Since the Welsh Government announced its proposal for opening up a significant part of the Cardigan Bay Special Area of Conservation to scallop dredging, there has been a lot written in the media about likely impacts upon the bottlenose dolphins, reflecting both sides of the argument. Unfortunately there has been a lot of misinformation, or simplistic conclusions reached. Sea Watch has been monitoring the dolphins in Cardigan Bay over the last fifteen years, on behalf of the Countryside Council for Wales/Natural Resources Wales, studying abundance trends, habitat preferences, feeding ecology and behaviour.
Can scallop dredging adversely affect bottlenose dolphins?
Potentially they could if dredging over the sea bed causes more than just temporary damage to the animal communities dependent upon it. Bottlenose dolphins in Cardigan Bay feed upon a variety of prey. Most of the time during summer when they may have young calves, they feed off or close to the sea bottom, taking demersal or benthic fish. Species known to be taken include flatfish such as sole and brill, gurnards, sandeel, and conger eel. At times, however, they will also take fish living higher up in the water column such as salmon, sea bass, garfish, and mackerel. Those fish are less dependent upon the seabed. An indication of what type of prey they are feeding upon can be gained from their group formation and behaviour. When they are feeding solitarily or in small groups, making fairly stationary dives and retuning to the surface near where they dived, they are probably taking demersal or benthic fish whereas in larger more mobile groups, they are more likely to be chasing pelagic open water prey.
Do bottlenose dolphins occur equally everywhere in Cardigan Bay?
No they do not (see figure 1). Densities are much higher in certain areas, particularly in the coastal zone around headlands and reefs. Within the Cardigan Bay SAC, this also applies so that the area within 3 nm is used in particular. However, they do also regularly occur offshore (at least to 6 nm), and in some years more so than others. This applies more to the area in the eastern offshore sector of the SAC than the western offshore sector. Habitat modelling indicates that in summer they have a preference for shallower waters (less than 30 m depth) and for areas of mixed substrate – fine sand and cobble reefs (see figures 2 & 3). Areas with gravel, pebbles or shelly sand appear to be used much less. We believe this reflects the fact that they have less diverse benthic fish communities.
Has the population size of bottlenose dolphins changed over the last fifteen years?
Yes it has. Up to around 2008, the population was stable or increasing. Since 2008 it has been generally declining (see Figure 4). Although they may fluctuate from year to year, birth rates within Cardigan Bay SAC were lowest in the summers of 2008 and 2009 (see Figure 5). In recent years, recognisable individuals once using the SAC appear to have vacated the area and are now seen only elsewhere (increasingly outside Cardigan Bay altogether). Although these changes coincide with the increase in scallop dredging (initially occurring even within the coastal sector) (see Figure 6), we cannot say these are directly related. It could be due to natural changes in food availability or to the increasing evidence of disturbance related to the rise in recreational activities in the area. Or it could be a combination of all these. At present we don’t know.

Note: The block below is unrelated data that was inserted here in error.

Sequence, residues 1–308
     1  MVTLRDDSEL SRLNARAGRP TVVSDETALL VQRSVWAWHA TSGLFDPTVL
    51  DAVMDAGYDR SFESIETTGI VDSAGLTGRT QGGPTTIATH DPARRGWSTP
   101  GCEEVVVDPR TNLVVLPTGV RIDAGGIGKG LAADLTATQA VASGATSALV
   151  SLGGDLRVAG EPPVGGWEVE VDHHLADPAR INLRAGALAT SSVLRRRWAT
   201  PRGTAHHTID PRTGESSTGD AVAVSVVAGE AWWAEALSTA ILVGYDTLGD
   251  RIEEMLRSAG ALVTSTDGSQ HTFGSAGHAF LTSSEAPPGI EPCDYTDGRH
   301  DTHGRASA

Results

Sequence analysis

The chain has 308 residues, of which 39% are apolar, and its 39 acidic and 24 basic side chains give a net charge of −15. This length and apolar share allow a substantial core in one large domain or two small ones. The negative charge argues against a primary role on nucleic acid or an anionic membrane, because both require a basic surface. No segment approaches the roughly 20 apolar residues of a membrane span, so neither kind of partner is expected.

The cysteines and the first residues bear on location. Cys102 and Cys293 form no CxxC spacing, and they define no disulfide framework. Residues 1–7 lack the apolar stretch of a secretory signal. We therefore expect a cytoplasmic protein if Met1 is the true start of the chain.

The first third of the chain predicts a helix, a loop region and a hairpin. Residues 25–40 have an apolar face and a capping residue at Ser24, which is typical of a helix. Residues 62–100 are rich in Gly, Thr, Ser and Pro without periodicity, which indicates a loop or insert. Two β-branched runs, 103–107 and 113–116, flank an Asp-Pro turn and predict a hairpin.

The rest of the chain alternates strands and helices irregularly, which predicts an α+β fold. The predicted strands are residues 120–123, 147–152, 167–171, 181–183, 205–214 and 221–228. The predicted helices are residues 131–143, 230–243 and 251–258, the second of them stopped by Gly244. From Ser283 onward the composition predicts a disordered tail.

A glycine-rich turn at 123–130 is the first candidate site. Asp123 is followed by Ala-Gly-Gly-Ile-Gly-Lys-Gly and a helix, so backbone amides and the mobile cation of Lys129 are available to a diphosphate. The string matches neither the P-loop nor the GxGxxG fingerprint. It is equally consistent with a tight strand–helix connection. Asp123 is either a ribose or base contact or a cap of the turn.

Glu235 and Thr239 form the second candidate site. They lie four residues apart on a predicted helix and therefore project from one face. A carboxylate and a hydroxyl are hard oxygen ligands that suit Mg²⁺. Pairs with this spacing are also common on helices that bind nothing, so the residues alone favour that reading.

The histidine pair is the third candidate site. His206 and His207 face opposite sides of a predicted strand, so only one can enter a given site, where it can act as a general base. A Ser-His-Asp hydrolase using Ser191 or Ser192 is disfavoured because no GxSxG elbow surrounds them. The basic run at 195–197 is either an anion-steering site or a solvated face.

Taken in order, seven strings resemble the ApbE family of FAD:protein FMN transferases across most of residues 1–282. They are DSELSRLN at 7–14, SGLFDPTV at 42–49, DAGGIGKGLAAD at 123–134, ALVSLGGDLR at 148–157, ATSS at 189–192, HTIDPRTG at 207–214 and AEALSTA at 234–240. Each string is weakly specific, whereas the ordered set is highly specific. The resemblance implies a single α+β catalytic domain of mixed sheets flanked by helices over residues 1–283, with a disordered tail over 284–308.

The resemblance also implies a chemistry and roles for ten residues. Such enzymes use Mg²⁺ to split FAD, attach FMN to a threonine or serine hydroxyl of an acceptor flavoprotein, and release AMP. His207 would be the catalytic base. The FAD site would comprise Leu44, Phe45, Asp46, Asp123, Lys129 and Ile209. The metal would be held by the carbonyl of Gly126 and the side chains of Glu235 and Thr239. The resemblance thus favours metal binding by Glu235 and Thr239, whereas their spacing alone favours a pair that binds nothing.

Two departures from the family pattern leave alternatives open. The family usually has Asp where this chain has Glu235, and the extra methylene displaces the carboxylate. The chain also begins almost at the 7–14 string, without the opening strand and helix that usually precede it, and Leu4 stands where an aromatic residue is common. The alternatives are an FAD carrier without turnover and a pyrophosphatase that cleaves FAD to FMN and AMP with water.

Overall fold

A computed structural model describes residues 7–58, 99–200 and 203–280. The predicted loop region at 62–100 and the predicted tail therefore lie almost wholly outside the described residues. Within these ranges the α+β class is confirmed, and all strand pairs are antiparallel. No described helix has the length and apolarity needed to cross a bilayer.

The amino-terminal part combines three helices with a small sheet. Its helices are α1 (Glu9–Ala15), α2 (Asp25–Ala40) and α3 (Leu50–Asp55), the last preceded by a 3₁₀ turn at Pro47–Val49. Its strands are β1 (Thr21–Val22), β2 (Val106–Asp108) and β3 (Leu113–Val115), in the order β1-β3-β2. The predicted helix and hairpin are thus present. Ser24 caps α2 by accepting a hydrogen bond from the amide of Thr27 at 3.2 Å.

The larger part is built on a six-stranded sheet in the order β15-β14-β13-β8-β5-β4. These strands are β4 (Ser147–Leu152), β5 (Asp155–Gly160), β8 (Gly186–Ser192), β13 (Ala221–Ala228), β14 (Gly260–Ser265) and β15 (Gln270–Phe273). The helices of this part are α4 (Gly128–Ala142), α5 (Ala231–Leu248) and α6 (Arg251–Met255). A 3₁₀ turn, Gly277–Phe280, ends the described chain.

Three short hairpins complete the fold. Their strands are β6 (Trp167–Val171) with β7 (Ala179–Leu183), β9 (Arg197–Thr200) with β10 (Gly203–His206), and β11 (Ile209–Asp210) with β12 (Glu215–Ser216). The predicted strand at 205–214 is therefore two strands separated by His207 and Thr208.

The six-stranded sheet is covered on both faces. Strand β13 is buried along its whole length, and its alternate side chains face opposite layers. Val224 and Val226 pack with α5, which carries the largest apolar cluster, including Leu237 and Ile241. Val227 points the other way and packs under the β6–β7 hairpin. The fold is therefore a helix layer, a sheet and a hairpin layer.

Figure 4: Bottlenose dolphin population trends in Cardigan Bay SAC (top) and wider Cardigan Bay (bottom). Blue line = whole population estimate, black line = moving average trend, red line = polynomial.
Figure 6 Number of scallop dredging vessels in Cardigan Bay (top) and tonnage of scallops collected (below). 33E5= southern Cardigan Bay, 34E5= northern Cardigan Bay.
What conclusions can be drawn from the Bangor University experimental study of impacts of scallop dredging?
This was a carefully designed experiment and showed little effects of scallop dredging on infaunal communities unless the area was repeatedly dredged. Effects varied somewhat according to substrate. The conclusions from the latest experiments suggested that natural forces such as wave action had a bigger effect than scallop dredging. However, for the very reason that NRW did not want the key areas for the dolphins to be disturbed, the experiments were conducted offshore in the western sector largely over gravel and pebbles (see figure 7). These areas may be relatively more affected by wave action than over mixed sediments with cobble reefs. Thus it would be prudent not to infer too much for impacts over the entire SAC.
Can scallop dredging and dolphins co-exist?
I believe they can, even within an SAC. Under the Habitats Directive, Special Areas of Conservation do not necessarily exclude other human activities but potential negative impacts need to be investigated and minimised, and if governments do not take such measures, they risk infraction proceedings from the European Commission.
In the meantime, I would definitely advise against scallop dredging within not just the 3 nm coastal sector but the eastern part of the SAC out to 6 nm known to be important for the dolphins. And elsewhere, the intensity of scalloping should be carefully regulated. I recognise that if scalloping is restricted to a limited area, it will be unsustainable so either a larger area needs to be included, or the activity (which means its profits) should be limited. A balance should therefore be struck. In this context, authorities should bear in mind that the overall annual income from dolphin-watching (direct through boat trips and indirect through purchase of food/meals, gifts and accommodation) is estimated to well exceed £3.5 million, and to involve >50,000 visitors to West Wales.
Dr Peter G.H. Evans
Director, Sea Watch Foundation